In Queens of Literature of the Victorian Era (1886), Eva Hope summarises Emily’s character as “a peculiar mixture of timidity and Spartan-like courage”, and goes on to say, “She was painfully shy, but physically she was brave to a surprising degree. She loved few persons, but those few with a passion of self-sacrificing tenderness and devotion. To other people’s failings she was understanding and forgiving, but over herself she kept a continual and most austere watch, never allowing herself to deviate for one instant from what she considered her duty.”
Career and Works
Emily Brontë did not mind the isolation of Haworth, as being outdoors in the moors gave her a feeling of freedom. Here she experienced the world in terms of forces of nature that cannot be considered good or evil. She believed in the presence of supernatural powers (such as ghosts or spirits) and began to express her feelings in poems such as “To Imagination,” “The Prisoner,” “The Visionary,” “The Old Stoic,” and “No Coward Soul.”
In 1844, Emily began going through all the poems she had written, recopying them neatly into two notebooks. One was labeled “Gondal Poems”; the other was unlabelled. Scholars such as Fannie Ratchford and Derek Roper have attempted to piece together a Gondal storyline and chronology from these poems. In the autumn of 1845, Charlotte discovered the notebooks and insisted that the poems be published. Around this time she had written one of her most famous poems, “No coward soul is mine”, probably as an answer to the violation of her privacy and her own transformation into a published writer. Despite Charlotte’s later claim, it was not her last poem.
In 1845 Charlotte came across some poems by Emily, and this led to the discovery that all three sisters Charlotte, Emily, and Anne had written verse. A year later they published jointly a volume of verse, Poems by Currer, Ellis and Acton Bell, the initials of these pseudonyms being those of the sisters; it contained 21 of Emily’s poems, and a consensus of later criticism has accepted the fact that Emily’s verse alone reveals true poetic genius. The venture cost the sisters about £50 in all, and only two copies were sold.
The Athenaeum reviewer praised Ellis Bell’s work for its music and power, singling out his poems as the best: “Ellis possesses a fine, quaint spirit and an evident power of wing that may reach heights not here attempted”, and The Critic reviewer recognized “the presence of more genius than it was supposed this utilitarian age had devoted to the loftier exercises of the intellect.”
Again publishing as Ellis Bell, Brontë published her defining work, Wuthering Heights, in December 1847. The complex novel explores two families the Earnshaws and the Lintons across two generations and their stately homes, Wuthering Heights and Thrushcross Grange. Heathcliff, an orphan taken in by the Earnshaws, is the driving force between the action in the book. He first motivated by his love for his Catherine Earnshaw, then by his desire for revenge against her for what he believed to be rejection.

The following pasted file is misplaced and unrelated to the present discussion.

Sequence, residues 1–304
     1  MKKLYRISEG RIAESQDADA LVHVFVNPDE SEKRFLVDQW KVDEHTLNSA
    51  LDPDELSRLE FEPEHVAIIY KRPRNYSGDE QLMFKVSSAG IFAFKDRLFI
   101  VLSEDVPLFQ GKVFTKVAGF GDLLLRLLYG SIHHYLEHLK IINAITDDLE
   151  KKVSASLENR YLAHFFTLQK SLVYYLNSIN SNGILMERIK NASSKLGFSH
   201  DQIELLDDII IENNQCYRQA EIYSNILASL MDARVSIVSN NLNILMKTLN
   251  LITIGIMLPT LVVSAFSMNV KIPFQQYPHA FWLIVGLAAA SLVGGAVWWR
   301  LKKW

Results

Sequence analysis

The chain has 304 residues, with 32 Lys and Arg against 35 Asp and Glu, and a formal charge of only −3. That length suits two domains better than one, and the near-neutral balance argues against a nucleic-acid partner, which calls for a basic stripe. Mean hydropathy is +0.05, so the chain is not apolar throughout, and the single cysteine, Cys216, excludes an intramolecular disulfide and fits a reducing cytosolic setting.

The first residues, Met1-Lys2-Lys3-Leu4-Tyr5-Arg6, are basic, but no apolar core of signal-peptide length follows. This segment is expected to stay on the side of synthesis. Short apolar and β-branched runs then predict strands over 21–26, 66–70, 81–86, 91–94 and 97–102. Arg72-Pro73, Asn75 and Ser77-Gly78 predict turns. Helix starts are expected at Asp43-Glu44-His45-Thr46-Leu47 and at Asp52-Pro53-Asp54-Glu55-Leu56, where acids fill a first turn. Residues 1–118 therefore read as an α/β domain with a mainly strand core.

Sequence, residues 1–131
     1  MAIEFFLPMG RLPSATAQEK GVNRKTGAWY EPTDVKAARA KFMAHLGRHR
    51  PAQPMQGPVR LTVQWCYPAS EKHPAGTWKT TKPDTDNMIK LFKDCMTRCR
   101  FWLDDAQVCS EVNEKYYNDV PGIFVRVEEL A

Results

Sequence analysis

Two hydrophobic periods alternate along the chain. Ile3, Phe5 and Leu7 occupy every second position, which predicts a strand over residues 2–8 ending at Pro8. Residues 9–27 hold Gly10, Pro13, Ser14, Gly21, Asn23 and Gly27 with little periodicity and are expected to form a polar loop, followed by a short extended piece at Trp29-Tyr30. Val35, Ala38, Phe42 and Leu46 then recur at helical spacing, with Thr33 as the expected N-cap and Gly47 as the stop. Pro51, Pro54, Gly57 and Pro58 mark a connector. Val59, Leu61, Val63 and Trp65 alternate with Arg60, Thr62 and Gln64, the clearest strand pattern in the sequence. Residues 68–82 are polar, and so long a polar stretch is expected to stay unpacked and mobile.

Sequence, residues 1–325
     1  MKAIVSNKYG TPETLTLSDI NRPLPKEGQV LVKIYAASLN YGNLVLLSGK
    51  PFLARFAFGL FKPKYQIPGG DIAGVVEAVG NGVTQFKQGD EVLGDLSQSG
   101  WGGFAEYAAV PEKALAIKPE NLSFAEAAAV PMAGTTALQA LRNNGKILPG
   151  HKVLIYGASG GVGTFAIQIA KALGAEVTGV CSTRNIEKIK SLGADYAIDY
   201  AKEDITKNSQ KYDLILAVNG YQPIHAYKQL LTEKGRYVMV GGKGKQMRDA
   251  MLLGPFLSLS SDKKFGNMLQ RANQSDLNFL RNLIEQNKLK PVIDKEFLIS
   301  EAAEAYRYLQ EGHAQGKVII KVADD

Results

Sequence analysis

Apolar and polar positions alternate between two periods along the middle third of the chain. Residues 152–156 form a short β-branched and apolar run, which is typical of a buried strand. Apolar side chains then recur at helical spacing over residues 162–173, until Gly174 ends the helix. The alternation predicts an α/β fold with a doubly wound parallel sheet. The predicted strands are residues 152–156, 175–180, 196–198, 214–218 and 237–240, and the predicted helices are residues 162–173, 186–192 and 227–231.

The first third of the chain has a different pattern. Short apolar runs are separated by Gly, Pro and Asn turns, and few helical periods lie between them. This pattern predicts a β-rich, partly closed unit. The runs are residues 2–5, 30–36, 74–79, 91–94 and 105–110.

Wuthering Heights, when published in December 1847, did not fare well; critics were hostile, calling it too savage, too animal-like, and clumsy in construction. Only later did it come to be considered one of the finest novels in the English language.
Set in the moors, it is a story of love and revenge involving a character named Heathcliff, who was abandoned by his parents as an infant, and his effect on two neighboring families. Critical reaction was negative, at least partly due to the many errors in the first printing. Later Wuthering Heights came to be considered one of the great novels of all time.
Although a letter from her publisher indicates that Emily had begun to write a second novel, the manuscript has never been found. Perhaps Emily or a member of her family eventually destroyed the manuscript, if it existed, when she was prevented by illness from completing it. It has also been suggested that, though less likely, the letter could have been intended for Anne Brontë, who was already writing The Tenant of Wildfell Hall, her second novel.
Awards and Honor
Interest in Brontë’s work and life remains strong today. The parsonage where Brontë spent much of her life is now a museum. The Brontë Society operates the museum and works to preserve and honor the work of the Brontë sisters.
Death and Legacy
Emily Brontë died of tuberculosis on December 19, 1848, nearly two months after her brother, Branwell, succumbed to the same disease. Her sister Anne also fell ill and died of tuberculosis the following May. On the morning of 19 December 1848, Charlotte, fearing for her sister, wrote this:
She grows daily weaker. The physician’s opinion was expressed too obscurely to be of use he sent some medicine which she would not take. Moments so dark as these I have never known I pray for God’s support to us all.
Emily had grown so thin that her coffin measured only 16 inches wide. The carpenter said he had never made a narrower one for an adult. She was interred in the Church of St Michael and All Angel’s family vault in Haworth.